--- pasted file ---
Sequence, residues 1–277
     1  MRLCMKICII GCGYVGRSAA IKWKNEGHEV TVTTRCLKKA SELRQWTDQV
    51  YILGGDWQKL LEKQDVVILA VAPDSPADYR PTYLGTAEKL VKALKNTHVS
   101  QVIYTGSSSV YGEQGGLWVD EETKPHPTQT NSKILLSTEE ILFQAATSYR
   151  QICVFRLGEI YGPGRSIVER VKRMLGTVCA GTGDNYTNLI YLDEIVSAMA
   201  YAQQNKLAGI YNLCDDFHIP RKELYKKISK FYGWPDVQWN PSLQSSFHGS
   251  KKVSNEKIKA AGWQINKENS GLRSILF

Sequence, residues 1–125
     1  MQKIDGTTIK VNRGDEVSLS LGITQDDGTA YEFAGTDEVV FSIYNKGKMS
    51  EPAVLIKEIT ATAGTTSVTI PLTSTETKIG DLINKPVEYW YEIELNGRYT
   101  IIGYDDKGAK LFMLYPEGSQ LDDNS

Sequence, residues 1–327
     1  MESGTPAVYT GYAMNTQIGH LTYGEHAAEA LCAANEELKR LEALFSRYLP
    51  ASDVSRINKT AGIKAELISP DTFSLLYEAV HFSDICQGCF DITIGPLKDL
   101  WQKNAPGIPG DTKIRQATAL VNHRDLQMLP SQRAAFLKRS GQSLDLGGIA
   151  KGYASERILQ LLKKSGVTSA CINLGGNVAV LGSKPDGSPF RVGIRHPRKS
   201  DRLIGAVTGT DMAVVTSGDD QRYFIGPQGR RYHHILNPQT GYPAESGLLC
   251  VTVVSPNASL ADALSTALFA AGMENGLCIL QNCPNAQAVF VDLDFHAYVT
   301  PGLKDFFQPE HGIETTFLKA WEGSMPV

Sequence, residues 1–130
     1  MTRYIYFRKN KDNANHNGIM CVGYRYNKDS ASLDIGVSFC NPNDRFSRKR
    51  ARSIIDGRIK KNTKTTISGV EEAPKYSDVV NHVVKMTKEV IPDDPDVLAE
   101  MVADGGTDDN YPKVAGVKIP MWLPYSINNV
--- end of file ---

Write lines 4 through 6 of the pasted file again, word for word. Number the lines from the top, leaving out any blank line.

   101  QVIYTGSSSV YGEQGGLWVD EETKPHPTQT NSKILLSTEE ILFQAATSYR
   151  QICVFRLGEI YGPGRSIVER VKRMLGTVCA GTGDNYTNLI YLDEIVSAMA
   201  YAQQNKLAGI YNLCDDFHIP RKELYKKISK FYGWPDVQWN PSLQSSFHGS